Part One – A Fierce Storm
Today Rehab and Detox beds are nowhere to be found. Demand is higher than ever. Resources are more scarce. Staff are harder to hire and keep. Overdose deaths (CDC figures) rose 30% from 2019 to 2020 and another 15% from 2020 to 2021. The system has been broken for some time, but it all culminates into the lethal crisis that is worse than ever. Yet somehow this crisis flies under the radar of existential dread that everyone is experiencing with economic, ecological, and geo-political issues escalating.
It is not a perfect storm, but rather a perfect tsunami for people in crisis battling addictions. They suffer in silence. They too often die that way – silently, almost invisible to the community at large.
Shame is to Blame
Recently a friend slipped into an alcoholic bender for several days. He became overwhelmed by a number of legitimate challenges. And he stopped accepting help from friends who wanted to be of service. He opted for solitary confinement – a sometimes lethal sentence – in this case self-imposed. It was probably shame that dragged him away from people who love him. Shame tells us stories that we know aren’t fully true. Unfortunately, we only know that when we’re sober and can see clearly. Now, deemed unworthy by a drunken jury of one, his incoming texts will go unanswered. Calls go straight to voicemail without ringing. Voicemailbox is full, “please try your call later. Goodbye.” Eventually the phone goes uncharged.
Shame knows that it can only survive in silence and in secret. Like a cheetah isolating a single antelope from the safety of its herd, the prey has never been more vulnerable than now. On his own, the drink would quickly drag him into the murky blur of constant drinking – numbing the pain of childhood trauma, relationship problems exacerbated by a global pandemic, and a tragic disconnection from the authentic identity of this articulate, well-read, likable fellow.
A Broken and Frail System
After several days, he – in a fleeting moment of clarity – asked for help. He wanted to get help and was ready to go wherever he needed to go to get help without hesitation. That may sound like a great opportunity except for the fact that this system is desperately broken. If he’s going to get help, he needs to first find which facilities accept his insurance. May I say that if one is completely sober, that task is neither easily nor quickly accomplished. Next, make a list of the half-dozen facilities which accept your insurance. Call them every morning (at times that may vary by facility and day of the week.) Call daily, even though they told you yesterday that they have no beds and can’t predict when a bed might become available.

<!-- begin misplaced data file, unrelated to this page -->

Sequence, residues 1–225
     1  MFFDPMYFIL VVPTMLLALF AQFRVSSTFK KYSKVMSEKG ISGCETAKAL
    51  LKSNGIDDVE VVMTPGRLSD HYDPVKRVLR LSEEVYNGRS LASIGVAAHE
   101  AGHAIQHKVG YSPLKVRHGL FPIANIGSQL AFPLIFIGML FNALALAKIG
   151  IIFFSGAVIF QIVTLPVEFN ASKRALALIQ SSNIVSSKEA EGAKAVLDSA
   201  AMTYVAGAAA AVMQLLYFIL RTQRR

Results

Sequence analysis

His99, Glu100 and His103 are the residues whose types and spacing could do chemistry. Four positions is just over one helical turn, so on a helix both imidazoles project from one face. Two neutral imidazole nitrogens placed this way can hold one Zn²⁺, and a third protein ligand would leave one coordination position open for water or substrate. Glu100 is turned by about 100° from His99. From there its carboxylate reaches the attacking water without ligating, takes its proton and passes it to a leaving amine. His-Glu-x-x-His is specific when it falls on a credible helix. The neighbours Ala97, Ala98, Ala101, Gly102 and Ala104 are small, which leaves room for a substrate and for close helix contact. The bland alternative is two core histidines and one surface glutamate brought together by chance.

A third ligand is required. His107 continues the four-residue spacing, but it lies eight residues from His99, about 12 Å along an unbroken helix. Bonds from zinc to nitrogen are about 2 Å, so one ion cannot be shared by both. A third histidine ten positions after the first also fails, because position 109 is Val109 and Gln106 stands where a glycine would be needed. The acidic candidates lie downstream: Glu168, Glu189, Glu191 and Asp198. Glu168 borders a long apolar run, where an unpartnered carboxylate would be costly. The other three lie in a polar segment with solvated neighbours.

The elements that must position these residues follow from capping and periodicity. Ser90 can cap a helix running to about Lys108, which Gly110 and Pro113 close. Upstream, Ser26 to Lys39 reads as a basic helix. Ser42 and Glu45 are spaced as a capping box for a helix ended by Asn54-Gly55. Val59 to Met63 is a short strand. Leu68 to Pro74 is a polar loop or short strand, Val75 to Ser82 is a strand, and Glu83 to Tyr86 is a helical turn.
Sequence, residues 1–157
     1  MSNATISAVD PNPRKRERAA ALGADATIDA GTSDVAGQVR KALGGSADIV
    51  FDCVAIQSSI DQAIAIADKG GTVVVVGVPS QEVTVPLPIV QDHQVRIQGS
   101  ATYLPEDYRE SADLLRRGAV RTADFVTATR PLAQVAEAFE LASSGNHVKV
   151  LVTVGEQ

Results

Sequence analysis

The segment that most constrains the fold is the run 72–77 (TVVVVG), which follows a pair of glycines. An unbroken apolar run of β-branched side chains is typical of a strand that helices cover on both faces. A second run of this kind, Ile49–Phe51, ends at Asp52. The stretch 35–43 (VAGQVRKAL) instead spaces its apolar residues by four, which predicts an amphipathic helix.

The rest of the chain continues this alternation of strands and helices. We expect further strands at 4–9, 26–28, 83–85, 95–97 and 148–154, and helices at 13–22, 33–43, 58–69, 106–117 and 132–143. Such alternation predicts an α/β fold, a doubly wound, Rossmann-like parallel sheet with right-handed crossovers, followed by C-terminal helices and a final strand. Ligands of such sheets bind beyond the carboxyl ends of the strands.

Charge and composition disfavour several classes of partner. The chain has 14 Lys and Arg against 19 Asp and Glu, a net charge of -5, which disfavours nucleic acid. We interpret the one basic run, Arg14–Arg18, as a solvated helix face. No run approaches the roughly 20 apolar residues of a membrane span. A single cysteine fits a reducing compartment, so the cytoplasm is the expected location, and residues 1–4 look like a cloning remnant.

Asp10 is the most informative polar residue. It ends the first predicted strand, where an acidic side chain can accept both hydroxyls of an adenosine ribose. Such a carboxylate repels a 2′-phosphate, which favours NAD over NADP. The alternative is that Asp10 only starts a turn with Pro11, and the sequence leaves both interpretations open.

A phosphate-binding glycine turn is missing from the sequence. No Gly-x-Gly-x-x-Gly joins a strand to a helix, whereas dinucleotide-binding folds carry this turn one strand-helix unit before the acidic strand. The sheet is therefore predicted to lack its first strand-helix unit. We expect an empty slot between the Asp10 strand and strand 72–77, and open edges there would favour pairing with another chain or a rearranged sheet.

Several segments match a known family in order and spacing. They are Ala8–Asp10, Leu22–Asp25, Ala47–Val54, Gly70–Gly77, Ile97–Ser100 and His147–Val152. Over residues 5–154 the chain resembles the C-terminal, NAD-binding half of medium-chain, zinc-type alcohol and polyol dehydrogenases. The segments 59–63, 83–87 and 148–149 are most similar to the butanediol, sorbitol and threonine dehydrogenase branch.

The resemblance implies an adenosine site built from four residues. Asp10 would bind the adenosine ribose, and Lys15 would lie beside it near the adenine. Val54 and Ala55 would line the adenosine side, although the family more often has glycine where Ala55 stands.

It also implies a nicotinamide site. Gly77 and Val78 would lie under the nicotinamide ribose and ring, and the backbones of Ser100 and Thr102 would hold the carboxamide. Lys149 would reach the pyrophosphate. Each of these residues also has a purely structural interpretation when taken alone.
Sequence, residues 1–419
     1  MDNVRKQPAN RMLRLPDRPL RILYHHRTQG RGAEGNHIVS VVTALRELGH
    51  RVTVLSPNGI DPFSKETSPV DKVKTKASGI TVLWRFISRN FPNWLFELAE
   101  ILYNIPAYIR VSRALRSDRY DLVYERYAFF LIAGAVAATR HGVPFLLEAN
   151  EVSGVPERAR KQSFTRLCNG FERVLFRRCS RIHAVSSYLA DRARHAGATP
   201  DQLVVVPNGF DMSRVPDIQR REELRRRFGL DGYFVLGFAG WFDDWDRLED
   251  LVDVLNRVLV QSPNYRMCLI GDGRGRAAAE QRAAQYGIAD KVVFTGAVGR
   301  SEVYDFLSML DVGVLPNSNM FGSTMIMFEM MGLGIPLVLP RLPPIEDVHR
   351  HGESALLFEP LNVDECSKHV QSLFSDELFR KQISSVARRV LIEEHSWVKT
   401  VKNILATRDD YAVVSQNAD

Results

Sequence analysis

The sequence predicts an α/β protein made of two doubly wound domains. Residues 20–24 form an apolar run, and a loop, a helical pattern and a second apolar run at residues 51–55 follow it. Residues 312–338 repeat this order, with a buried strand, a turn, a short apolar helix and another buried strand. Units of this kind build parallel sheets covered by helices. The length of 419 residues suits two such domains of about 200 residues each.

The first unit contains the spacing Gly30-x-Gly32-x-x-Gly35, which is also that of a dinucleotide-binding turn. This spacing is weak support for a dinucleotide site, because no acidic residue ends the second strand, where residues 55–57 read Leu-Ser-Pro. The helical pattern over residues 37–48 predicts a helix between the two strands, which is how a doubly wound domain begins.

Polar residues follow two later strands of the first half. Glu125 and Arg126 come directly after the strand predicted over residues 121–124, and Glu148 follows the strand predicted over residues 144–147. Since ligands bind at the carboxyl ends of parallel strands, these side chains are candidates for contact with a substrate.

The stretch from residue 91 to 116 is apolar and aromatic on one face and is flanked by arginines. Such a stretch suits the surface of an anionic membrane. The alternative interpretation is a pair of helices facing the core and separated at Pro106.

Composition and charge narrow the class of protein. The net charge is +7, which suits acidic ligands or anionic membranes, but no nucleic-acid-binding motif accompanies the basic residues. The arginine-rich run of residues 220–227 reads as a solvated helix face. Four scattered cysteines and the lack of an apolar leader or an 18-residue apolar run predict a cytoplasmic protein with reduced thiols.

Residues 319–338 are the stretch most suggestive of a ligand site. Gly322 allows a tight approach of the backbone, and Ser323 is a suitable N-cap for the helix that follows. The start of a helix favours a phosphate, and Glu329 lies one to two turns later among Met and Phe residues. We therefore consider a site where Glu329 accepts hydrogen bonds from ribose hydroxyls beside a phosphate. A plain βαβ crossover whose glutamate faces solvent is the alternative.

If that tedious task wasn’t disheartening and demeaning enough, remember that if you stop drinking too quickly, you may suffer debilitating withdrawal symptoms – even seizures or death. So drink enough crappy vodka (I mean the store brand $8.99 for a handle dreadful vodka) to keep from becoming ill. But don’t stop making your daily waitlist calls or they’ll drop you off the list! Hey, they have an impossibly long waitlist. What are they supposed to do – put up tents in the parking lot? Facilities know that waitlists aren’t the answer, but they’re doing what they need to do in order to survive, too. The bottom line is that addicted individuals need to keep using enough to stay medically safe, but stay sober enough to manage your list of daily calls.
Don’t have enough energy for meals? No problem. You have no appetite. Clothes starting to smell? You don’t care anymore. Sink full of swampy dishes? Who cares? You haven’t been to the kitchen in a week. You just lay on the bed and take sips of awful vodka trying to avoid painful withdrawal symptoms. At some point you fall asleep (aka pass out) because your aching body can only take so much abuse.
Periodically you stagger/crawl to and from the bathroom. Whatever’s in the fridge has been there for a week when you last opened it. That’s all… crawl, try not to fall, drink until it’s time to call. And you know they’re going to say, “no beds.” But if you don’t call every day, you get dropped off the waiting list and you don’t even get to pretend to believe that you’re going to get help.
TO BE CONTINUED… READ PART TWO